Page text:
14. In a recent interview, Ishiguro talked about Never Let Me Go: “There are things I am more interested in than the clone thing. How are they trying to find their place in the world and make sense of their lives? To what extent can they transcend their fate? As time starts to run out, what are the things that really matter? Most of the things that concern them concern us all, but with them it is concertinaed into this relatively short period of time. These are things that really interest me and, having come to the realization that I probably have limited opportunities to explore these things, that’s what I want to concentrate on." How do these remarks relate to your own ideas about the book? [Interview with Nicholas Wroe, The Guardian, February 2, 2005.]

    Personally, question 14:

    It struck me as odd, reading about the novel after I finished, that some people apparently focused on the clone thing as a main theme. The cloning itself is a macguffin, imo, in that it's almost entirely unimportant as a specific thing beyond the 'possibles' talk. What struck me most about the novel was basically what Ishiguro mentioned: how do you live your life when you're 'destined' to this very specific and not at all happy ending? I mentioned it in my previous post, but so much of it ends up being mundane precisely because they are ultimately just human. They're human beings dealing with human problems in an extreme situation, which is also what Hailsham was trying to prove with the art thing, in a way. It'd be hard for an in-universe character to read Kath's memoir and somehow be able to deny her humanity, because she's so completely 'normal' if you move past the status imposed on her, and I suppose that's the other message of the novel as far as othering goes.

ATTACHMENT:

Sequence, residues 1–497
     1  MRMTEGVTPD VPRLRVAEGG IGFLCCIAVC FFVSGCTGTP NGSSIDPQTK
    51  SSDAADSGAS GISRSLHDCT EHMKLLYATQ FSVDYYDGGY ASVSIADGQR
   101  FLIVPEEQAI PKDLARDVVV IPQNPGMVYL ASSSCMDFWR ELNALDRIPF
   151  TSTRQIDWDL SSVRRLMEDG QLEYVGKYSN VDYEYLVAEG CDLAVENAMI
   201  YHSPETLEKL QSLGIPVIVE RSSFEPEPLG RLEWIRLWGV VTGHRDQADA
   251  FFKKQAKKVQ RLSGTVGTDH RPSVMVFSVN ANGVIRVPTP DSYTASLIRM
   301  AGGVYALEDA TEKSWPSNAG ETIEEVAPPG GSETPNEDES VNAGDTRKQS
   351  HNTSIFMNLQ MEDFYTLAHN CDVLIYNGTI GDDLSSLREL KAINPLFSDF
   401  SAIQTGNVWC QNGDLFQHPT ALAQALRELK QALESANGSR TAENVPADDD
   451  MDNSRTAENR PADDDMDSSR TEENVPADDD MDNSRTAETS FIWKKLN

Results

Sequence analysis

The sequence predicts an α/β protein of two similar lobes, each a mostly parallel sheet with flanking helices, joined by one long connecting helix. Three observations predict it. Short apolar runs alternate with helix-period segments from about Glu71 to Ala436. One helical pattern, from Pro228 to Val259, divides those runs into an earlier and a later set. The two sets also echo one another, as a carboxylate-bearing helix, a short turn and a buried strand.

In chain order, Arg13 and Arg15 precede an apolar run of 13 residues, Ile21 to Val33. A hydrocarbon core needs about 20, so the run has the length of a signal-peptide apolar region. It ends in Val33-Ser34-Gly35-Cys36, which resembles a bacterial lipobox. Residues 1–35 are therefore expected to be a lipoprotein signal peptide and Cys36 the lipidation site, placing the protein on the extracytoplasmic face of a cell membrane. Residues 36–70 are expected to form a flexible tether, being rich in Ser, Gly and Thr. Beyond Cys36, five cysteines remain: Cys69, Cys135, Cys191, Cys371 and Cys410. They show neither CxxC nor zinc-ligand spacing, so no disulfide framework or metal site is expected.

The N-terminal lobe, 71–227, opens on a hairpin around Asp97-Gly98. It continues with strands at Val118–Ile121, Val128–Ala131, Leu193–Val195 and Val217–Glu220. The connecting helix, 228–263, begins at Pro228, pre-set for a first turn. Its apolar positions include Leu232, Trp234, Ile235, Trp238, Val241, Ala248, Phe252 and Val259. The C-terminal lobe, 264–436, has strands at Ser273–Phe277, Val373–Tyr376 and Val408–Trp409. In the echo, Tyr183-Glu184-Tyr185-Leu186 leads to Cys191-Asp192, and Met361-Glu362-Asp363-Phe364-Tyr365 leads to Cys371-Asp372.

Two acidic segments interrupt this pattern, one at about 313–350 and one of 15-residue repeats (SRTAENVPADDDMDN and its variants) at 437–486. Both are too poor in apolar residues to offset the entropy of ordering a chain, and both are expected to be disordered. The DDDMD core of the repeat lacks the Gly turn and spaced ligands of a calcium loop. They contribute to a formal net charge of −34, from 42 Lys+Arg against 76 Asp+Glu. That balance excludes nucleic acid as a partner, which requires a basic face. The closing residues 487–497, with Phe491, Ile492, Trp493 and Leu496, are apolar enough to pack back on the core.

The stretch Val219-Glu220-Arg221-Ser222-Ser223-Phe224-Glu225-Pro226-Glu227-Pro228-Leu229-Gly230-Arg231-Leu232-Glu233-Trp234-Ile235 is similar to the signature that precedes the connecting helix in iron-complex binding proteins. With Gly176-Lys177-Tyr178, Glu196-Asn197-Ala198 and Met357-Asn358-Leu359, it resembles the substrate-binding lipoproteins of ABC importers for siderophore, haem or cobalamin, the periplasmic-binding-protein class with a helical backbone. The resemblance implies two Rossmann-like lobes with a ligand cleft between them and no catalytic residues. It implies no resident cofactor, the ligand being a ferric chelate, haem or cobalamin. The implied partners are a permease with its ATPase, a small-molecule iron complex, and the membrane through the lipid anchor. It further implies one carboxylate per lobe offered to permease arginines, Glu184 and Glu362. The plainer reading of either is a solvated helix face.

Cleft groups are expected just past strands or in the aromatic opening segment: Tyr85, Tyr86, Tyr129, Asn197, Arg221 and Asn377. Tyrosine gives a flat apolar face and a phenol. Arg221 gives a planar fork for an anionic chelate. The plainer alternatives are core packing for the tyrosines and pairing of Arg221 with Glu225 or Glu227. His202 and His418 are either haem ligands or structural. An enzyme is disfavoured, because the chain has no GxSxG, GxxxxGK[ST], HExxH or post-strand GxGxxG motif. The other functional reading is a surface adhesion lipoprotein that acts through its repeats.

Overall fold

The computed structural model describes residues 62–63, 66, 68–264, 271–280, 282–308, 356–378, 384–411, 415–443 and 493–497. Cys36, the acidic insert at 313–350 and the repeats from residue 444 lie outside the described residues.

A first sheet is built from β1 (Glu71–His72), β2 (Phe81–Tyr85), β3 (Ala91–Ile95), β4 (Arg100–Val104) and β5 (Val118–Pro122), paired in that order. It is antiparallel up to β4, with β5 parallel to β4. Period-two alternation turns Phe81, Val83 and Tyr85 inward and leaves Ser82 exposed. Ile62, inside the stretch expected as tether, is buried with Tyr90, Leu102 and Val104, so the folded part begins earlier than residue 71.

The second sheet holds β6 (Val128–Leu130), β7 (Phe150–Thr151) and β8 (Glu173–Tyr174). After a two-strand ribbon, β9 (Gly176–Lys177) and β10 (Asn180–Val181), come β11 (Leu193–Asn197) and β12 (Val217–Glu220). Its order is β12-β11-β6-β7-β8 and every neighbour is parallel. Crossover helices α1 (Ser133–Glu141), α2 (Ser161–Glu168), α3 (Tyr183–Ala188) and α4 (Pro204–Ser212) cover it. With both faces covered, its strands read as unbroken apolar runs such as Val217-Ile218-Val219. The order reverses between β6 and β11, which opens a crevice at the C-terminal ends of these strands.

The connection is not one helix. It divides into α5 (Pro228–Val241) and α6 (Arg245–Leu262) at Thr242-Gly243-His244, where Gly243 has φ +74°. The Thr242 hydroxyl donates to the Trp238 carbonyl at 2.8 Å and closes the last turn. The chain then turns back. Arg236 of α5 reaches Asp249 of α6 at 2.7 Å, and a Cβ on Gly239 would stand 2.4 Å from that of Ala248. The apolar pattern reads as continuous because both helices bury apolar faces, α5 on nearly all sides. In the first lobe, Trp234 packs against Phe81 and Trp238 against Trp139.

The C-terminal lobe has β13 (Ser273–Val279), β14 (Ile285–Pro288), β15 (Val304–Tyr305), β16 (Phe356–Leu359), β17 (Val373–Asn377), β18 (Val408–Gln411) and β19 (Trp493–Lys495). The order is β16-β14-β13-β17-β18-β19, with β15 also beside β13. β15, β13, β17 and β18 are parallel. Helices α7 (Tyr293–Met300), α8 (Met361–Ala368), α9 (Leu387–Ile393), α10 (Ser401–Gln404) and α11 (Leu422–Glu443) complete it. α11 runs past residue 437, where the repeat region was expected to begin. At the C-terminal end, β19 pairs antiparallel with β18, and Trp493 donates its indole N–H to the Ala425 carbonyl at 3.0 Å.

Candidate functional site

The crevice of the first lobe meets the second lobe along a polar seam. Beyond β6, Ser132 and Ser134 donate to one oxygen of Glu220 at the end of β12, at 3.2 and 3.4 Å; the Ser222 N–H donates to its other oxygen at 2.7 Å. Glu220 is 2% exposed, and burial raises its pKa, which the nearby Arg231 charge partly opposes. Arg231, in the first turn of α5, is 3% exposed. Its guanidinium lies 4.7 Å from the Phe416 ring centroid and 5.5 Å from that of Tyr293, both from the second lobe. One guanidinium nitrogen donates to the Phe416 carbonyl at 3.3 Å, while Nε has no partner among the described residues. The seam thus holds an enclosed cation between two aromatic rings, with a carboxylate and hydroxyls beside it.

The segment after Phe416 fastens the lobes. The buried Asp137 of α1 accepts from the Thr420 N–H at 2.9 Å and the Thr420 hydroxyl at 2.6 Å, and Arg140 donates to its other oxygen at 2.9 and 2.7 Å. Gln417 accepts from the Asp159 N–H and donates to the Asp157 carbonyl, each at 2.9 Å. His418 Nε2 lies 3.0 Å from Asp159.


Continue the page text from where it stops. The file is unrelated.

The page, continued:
The novel is 'sci fi' by some definition, then, but it's the softest kind of sci-fi, whereas some people seem to have expected it to be hard scifi or have the technology itself be a focus. There's no moral judgement about cloning on its own in the book, really, beyond maybe the incident Miss Emily speaks about. More than that, it's about the Other and, you could say, the importance of having some kind of morality attached to science in general, rather than just doing things because you can.